Optomec—a Mexico-based provider of additive manufacturing (AM) systems for electronic and metal parts—has been awarded a NASA Small Business Innovation Research (SBIR) contract for further development of an adaptive laser sintering system (ALSS).
The SBIR program funds the research, development and demonstration of new technologies that fulfill NASA needs and have significant potential for commercialization.
Optomec will work on the contract in collaboration with the Harding University, in Arkasnas, USA. Together, they intend to make it possible for the ALSS to:
These objectives are to be achieved by improving Optomec's laser sintering technology so that it also performs the function of fully automated curing. The Optomec-Harding team will seek to enhance the localized laser sintering concept by developing an ALSS with in-situ automated adjustment of laser power and processing time.
The success of this endeavor is expected to prove of vital importance to NASA’s in-space, on-demand manufacturing capabilities, particularly in terms of tackling the unique challenges of long-duration, human spaceflight.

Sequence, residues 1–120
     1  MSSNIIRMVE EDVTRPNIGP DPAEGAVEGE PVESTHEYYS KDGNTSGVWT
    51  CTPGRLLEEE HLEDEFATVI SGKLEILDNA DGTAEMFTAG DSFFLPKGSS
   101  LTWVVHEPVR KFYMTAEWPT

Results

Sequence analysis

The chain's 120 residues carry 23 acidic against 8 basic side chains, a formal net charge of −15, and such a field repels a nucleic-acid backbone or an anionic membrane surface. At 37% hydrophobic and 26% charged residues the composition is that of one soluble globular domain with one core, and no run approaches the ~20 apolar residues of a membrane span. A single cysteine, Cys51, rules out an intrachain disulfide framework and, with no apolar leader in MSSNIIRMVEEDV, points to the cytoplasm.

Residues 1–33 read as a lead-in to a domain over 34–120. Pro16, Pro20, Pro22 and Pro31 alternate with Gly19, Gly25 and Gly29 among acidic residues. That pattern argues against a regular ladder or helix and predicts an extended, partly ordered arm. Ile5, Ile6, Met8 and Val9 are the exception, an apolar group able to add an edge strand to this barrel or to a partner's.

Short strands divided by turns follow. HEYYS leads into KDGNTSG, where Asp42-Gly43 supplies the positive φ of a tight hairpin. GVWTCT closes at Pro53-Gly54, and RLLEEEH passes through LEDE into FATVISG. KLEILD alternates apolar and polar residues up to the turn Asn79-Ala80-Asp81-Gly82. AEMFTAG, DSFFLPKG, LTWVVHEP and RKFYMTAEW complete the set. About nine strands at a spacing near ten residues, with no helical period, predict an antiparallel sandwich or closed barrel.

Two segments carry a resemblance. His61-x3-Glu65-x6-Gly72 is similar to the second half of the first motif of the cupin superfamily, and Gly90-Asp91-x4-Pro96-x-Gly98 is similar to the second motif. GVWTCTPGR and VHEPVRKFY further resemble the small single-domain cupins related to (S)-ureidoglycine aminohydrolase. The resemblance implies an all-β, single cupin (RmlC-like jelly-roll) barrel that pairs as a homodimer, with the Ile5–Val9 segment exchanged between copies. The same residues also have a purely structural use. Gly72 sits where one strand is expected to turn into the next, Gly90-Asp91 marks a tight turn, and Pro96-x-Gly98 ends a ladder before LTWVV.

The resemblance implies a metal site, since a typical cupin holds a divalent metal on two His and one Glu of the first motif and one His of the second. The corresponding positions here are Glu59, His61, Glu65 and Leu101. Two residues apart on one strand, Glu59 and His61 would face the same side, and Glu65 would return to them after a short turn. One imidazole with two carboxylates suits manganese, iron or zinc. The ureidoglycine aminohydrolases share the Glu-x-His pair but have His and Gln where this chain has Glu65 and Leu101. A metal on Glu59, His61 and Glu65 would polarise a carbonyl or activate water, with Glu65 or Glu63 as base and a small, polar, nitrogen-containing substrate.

The ALSS will allow astronauts to print conformal electronics and sensors onto flexible substrates of various geometrical complexities and then fully cure them using aerosol jet technology, all while in space.
‘After the successful design, test and implementation of the ALSS, the science and technology of laser sintering will be better understood for controllable adaptive operations,’ said Mike Renn, chief technology officer (CTO) at Optomec. ‘The ALSS can be a key solution to NASA’s challenge of in-space, on-demand manufacturing capabilities to support the unique challenges of long-duration human spaceflight, which requires an automated adaptive in-line quality control system along with the associated manufacturing process.’
Edmond Wilson, PhD, professor of chemistry at Harding University, added: ‘Harding University is excited to help develop a robust ALSS with Optomec. Successful development of laser assisted drying and sintering of 3D printed electronics will greatly reduce the production time for 3D printed electronics devices and substantially reduce the need for human intervention.’